Wednesday, May 14, 2008

Black Hill Regional Park is first in state to get new ‘playsystem’

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They don’t make playground equipment like they used to and they don’t even call it playground equipment anymore.

The new spherical configuration of pipes that opened in March at Black Hill Regional Park in Boyds is a ‘‘high-fitness playsystem.”

The system’s bright red pipes intersect and run parallel to each other to form a dome that also includes black netting for climbing, rings, benches and a slide without guard rails. The Evos system is only part of the equipment that was installed at 6,000 to 7,000 square-foot site. The remainder is more conventional equipment the county bought from a Swedish manufacturer.

The Evos system is designed to encourage children ‘‘to play longer and with more physical exertion,” according to a statement from the manufacturer, Minnesota-based Landscape Structures Inc.

It offers limitless options for moving through the structure, thereby producing a more varied and challenging play experience, said Greg Stone, president of Arbor Recreation, a Sterling, Va., firm that serves as regional representative for Landscape.

‘‘It is a much more interesting system and, quite frankly, it is where playground equipment is going,” Stone said.

Kathy Dearstine, a landscape architect with the Maryland-National Capital Park and Planning Commission, said Evos is more expensive than teeter-totters, swing sets and other traditional playground equipment. New playground equipment typically costs her agency about $60,000 to $75,000 for the equipment and construction, but the playground project at Black Hill cost $83,714 for the equipment only, she said. The equipment was installed by county work crews, unlike some playground projects in which the work is done by contractors.

But Dearstine insists she had good, practical reasons for making Black Hill the first park in Maryland to try the Evos equipment. The park was set to receive new equipment under a rotating schedule in which 10 to 12 playgrounds in the county park system are renovated every year, she said.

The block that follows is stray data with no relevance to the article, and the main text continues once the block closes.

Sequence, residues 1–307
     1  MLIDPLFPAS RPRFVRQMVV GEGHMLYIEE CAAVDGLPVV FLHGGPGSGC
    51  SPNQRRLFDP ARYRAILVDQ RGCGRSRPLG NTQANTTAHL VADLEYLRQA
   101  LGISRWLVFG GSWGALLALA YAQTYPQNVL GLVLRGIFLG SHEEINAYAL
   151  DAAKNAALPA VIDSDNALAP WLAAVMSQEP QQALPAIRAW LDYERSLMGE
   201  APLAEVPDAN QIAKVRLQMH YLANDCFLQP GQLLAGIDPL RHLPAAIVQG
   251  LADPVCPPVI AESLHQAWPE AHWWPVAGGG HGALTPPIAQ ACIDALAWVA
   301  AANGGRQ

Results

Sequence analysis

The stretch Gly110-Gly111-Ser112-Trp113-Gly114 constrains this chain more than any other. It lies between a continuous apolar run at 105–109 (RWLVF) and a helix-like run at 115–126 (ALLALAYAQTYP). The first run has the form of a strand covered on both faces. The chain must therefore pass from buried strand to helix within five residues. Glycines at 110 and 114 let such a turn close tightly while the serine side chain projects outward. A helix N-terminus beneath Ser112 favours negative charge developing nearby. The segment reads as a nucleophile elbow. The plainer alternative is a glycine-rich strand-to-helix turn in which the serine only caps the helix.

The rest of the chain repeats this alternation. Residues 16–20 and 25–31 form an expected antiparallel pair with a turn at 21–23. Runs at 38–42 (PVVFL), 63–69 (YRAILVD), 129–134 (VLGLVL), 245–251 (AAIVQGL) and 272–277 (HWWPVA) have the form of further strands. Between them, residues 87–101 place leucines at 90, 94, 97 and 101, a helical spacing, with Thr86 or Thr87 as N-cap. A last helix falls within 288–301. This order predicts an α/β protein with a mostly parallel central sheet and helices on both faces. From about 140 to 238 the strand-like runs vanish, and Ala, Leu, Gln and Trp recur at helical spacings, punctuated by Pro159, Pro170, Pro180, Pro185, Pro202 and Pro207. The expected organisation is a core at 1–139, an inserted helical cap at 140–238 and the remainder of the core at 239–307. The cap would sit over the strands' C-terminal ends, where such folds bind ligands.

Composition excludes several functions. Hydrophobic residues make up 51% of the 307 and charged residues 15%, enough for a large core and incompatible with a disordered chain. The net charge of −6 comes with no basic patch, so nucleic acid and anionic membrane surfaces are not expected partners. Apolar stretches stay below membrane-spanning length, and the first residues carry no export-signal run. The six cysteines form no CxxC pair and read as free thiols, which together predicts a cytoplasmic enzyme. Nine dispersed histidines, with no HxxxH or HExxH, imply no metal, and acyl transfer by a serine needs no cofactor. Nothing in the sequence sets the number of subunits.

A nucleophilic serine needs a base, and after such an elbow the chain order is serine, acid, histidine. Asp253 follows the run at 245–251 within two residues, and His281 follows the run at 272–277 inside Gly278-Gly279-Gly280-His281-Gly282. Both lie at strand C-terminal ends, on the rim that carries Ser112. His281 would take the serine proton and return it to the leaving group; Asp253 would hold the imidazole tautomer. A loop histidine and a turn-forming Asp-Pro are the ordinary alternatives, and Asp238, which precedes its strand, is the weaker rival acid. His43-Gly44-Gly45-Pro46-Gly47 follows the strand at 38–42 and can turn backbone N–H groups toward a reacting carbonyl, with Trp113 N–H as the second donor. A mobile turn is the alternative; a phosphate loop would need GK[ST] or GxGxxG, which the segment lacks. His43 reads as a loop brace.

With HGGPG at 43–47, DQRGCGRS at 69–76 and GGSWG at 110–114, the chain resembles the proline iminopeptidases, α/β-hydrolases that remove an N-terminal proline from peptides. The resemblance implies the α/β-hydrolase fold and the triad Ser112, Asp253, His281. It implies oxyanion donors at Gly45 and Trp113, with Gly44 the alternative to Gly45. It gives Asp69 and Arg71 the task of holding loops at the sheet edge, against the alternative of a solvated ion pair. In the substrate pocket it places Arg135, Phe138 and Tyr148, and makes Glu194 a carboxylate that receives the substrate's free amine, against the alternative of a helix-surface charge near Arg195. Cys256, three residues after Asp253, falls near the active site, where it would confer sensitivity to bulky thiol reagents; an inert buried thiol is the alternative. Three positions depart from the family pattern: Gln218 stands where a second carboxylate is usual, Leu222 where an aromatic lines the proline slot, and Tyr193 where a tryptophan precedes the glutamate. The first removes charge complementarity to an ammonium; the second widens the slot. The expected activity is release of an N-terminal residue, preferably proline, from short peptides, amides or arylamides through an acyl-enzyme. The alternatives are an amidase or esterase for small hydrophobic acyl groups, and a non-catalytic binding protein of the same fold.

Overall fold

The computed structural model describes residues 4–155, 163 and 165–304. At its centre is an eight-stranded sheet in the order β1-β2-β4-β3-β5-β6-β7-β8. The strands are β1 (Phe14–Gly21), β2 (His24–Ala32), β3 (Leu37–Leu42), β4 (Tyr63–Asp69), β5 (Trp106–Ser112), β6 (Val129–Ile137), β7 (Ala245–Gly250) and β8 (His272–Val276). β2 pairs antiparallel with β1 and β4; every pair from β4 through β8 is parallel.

‘‘Since I already had a traditional playground not too far from that location, I decided to put in something new and innovative so the kids would have a different play experience,” she said.

With the arrival of spring, the real experts, the youngsters who climb, swing from, perch on and twist around playground equipment are weighing in with their opinions. Michael Kerisch, 9, and his sister, Danielle, 8, of Damascus, were in high spirits as they tried out the Evos last week.

‘‘I’m a monkey,” Danielle shouted triumphantly as she scrambled among the bars.

‘‘I like the design with the ropes you climb on,” Michael said.

Their mother, Colleen Kerisch said Evos appeared to be delivering on its promise of encouraging more strenuous exercise.

‘‘They definitely get a lot of upper body workout on this by climbing up the rope and stuff,” she said.

The Evos is designed for youngsters ages 5 to 12. While Michael and Danielle approved of Evos, Michael said his favorite piece of equipment at the new playground was a merry-go-round that is not part of the Evos design. He also tempered his praise for Evos in comparing it to the older, more traditional equipment at other playgrounds.

‘‘That was just as much fun as this one,” he said.

While park planners wait for more reaction from youngsters, Dearstine has decided to have another, smaller model installed at the Flower Avenue playground in Silver Spring.

Jim McMahon, the park manager at Black Hill also praised the new playground, which is located 100 yards or so from the older playground.

‘‘We’re super pleased with it,” he said. ‘‘It’s a very nice setting among the trees there, and it’s kind of cool to be one of the first ones to have this equipment.”